With UPenn’s GRASP lab currently managing a $27 million contract with the US Army Research Lab to develop distributed intelligence, autonomous weapons, it’s not too soon to be thinking about what comes next. To get a feel for where we could be headed, the write up, “Singapore, City of Sensors” describes what it’s like to live in a “smart nation”  where EA3 devices track “Everyone, Everywhere, Everything, All The Time.”

Thursday, July 05, 2018

Dweck's Brainology = School Budget Drainology

Largely in response to the demands of paternalist school reformers fixated on training the poor and children of the poor to be immune to their own poverty, non-cognitive behavioral interventions aimed at "character building" have proliferated within the education industry.  "Grit" and "resilience" hucksters like Martin Seligman, David Levin, and Angela Duckworth, along with "growth mindset" marketeers like Carol Dweck, essentially hijacked the term "social-emotional learning" (SEL) as a way to add respectability for what amounts to neurological tampering and behavioral neutering of poor black and brown children.

With bogus promises that "character growth scores" will lead to increased academic test scores, charter chain gangs and unwary public school systems have invested millions of public dollars in unproven classroom practices aimed to neurologically rewire children.

Now researchers at Case Western Reserve cast new new doubts on the claims made by Carol Dweck and her salesmen for Brainology:
Our findings suggest that at least some of the claims about growth mindsets – such as how they supposedly have profound effects on academic achievementbenefit both high- and low-achieving students, or are especially important for students facing situational challenges– are not warranted. In fact, in more than two-thirds of the studies the effects were not statistically significantly different from zero, meaning most of the time, the interventions were ineffective.

Below is an excerpt from Work Hard, Be Hard. . . that provides some context for the current fascination with SEL:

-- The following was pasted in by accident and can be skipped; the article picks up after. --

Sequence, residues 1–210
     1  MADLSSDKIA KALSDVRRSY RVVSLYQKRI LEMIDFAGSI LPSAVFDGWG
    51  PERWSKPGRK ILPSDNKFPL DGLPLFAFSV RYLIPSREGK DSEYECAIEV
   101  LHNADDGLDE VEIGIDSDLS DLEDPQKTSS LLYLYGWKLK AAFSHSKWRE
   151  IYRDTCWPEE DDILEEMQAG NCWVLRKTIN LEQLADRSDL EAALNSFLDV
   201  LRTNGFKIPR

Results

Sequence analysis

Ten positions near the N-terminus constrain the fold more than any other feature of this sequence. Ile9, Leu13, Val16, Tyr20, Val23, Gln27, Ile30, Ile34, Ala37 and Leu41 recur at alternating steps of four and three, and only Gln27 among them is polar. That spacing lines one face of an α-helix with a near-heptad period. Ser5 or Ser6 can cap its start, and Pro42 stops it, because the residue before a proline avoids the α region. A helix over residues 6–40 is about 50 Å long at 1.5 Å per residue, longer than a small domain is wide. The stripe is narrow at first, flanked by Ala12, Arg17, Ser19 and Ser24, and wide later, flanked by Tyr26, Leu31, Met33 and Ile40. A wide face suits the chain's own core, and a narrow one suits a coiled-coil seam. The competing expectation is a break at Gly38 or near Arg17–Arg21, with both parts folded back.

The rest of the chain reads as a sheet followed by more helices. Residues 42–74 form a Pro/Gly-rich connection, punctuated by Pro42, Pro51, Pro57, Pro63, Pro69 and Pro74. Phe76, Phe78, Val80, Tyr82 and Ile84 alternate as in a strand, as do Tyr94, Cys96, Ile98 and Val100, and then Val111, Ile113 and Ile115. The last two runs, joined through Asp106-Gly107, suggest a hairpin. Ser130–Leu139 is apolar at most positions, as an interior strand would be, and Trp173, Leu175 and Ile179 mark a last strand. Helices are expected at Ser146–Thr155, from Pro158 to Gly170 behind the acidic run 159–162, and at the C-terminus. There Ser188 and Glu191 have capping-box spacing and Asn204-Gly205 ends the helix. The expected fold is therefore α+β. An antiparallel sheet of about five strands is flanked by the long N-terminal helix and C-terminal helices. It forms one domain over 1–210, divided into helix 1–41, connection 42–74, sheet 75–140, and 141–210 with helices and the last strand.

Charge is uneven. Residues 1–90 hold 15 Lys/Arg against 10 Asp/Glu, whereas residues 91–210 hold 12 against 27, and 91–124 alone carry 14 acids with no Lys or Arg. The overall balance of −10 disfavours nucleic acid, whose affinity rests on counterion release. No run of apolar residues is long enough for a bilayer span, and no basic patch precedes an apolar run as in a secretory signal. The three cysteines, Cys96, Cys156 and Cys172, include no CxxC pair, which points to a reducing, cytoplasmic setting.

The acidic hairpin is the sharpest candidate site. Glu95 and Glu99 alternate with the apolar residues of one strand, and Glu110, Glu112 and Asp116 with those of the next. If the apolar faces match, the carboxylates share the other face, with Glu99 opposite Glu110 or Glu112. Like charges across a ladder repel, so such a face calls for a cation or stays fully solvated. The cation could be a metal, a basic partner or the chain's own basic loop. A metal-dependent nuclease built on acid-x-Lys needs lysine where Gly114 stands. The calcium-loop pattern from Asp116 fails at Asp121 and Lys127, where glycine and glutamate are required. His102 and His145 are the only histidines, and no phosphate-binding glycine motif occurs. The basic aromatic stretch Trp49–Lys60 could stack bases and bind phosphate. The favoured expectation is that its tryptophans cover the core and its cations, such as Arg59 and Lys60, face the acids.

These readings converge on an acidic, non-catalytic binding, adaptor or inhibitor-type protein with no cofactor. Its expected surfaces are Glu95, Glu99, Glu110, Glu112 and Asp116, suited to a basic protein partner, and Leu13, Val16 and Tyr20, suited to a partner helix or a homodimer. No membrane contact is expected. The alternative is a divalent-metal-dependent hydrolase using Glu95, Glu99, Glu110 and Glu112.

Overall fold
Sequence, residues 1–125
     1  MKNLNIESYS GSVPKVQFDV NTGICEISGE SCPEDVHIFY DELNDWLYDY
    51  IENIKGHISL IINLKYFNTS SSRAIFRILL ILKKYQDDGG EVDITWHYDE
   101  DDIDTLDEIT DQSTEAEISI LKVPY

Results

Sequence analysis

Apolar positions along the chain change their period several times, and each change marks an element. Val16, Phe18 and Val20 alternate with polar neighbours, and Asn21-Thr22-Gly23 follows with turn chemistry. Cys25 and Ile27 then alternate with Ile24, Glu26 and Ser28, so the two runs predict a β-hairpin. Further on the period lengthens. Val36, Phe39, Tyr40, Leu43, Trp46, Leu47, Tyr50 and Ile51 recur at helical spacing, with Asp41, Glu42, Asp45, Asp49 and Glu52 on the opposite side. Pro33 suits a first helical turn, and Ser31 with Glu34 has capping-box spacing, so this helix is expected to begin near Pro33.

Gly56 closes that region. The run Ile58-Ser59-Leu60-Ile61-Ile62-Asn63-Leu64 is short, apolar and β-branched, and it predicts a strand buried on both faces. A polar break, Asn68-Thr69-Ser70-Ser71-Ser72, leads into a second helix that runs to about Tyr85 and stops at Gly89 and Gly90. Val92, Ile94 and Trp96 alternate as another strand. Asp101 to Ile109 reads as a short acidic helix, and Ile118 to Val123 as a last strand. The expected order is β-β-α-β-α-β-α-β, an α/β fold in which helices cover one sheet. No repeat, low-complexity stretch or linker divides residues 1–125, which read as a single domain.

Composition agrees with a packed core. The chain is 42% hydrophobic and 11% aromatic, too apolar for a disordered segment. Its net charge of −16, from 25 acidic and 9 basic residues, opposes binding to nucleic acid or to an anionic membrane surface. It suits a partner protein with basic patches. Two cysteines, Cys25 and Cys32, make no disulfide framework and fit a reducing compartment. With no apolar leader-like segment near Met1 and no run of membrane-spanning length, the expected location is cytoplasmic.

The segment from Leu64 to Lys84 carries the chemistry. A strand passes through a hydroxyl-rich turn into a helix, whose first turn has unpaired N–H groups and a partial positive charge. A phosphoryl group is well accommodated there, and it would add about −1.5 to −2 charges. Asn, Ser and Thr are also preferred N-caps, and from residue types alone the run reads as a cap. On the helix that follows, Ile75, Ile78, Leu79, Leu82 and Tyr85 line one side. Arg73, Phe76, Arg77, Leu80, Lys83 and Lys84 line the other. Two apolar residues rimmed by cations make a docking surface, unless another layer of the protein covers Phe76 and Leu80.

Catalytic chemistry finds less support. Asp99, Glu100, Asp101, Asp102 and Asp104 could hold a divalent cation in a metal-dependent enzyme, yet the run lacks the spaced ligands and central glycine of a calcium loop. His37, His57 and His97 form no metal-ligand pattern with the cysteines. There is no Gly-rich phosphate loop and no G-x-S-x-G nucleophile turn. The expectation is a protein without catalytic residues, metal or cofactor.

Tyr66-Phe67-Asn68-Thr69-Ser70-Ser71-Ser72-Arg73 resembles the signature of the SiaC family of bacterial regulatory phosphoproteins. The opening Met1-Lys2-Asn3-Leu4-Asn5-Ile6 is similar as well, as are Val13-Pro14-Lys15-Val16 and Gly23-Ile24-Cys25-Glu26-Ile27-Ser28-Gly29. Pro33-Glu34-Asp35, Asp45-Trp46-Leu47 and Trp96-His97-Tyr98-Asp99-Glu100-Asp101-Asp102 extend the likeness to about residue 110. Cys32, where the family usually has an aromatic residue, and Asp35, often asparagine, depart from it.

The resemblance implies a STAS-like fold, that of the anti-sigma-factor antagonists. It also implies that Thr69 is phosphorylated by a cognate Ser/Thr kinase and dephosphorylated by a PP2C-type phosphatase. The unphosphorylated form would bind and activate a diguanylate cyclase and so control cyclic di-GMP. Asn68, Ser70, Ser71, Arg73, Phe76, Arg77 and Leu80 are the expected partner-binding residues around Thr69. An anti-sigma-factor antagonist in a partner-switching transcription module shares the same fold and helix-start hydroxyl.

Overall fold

Growing interest among corporate foundations and their think tanks (Center on Children and Families at Brookings, 2014) for “character” building through social-emotional learning (SEL) interventions suggests the KIPP Model is likely to be repackaged for another generation of No Excuses schools. Once again, psychologists of the developmental variety are coming to dominate this social and emotional learning (SEL) niche (Steinberg, 2014; Farrington et al, 2012), and they are joined by new paternalists who are fixated, as they always have been, on self-regulation and self-control.  
As a solution to their character deficiencies among the disenfranchised, SEL will likely have a dominant role in the next phase of the crusade to fix the poor.  In a recent research review (Dweck, Walton, & Cohen, 2014) sponsored by the Gates Foundation, the authors examine studies that support the Duckworth thesis that non-cognitive, or motivational, factors like “academic tenacity” can have more effect than “cognitive factors” on “core academic outcomes such as GPA and test scores” (p. 2):
At its most basic level, academic tenacity is about working hard, and working smart, for a long time. More specifically, academic tenacity is about the mindsets and skills that allow students to . . . look beyond short-term concerns to longer-term or higher-order goals, and withstand challenges and setbacks to persevere toward these goals (p. 4).
                   The philanthrocapitalists and their think tank scholars quote liberally from the work of Walter Mischel (1989, 2014), whose experiments with delayed gratification among preschoolers provide the dominant metaphor for another generation of paternalist endeavors.  In Mischel’s experiments, children were offered a single marshmallow immediately or two marshmallows later if they could delay their reward.  The test, which came to be labeled “The Marshmallow Test,” represents the potential to delay gratification in order to gain a larger reward later on.